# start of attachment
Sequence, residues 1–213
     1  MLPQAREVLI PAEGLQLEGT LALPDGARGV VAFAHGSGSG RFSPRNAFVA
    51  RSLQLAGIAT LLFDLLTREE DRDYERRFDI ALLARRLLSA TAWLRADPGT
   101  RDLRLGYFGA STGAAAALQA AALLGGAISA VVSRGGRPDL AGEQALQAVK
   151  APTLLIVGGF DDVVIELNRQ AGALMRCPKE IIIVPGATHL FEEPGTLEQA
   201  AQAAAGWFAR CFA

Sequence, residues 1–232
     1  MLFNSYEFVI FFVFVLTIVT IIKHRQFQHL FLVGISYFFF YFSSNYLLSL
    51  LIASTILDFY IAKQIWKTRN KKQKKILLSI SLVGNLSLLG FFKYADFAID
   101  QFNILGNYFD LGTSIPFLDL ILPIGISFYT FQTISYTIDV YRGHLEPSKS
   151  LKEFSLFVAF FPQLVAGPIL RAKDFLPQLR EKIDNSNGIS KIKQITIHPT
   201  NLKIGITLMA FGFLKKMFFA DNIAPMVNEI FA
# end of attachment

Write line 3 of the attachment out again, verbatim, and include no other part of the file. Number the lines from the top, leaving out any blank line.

    51  RSLQLAGIAT LLFDLLTREE DRDYERRFDI ALLARRLLSA TAWLRADPGT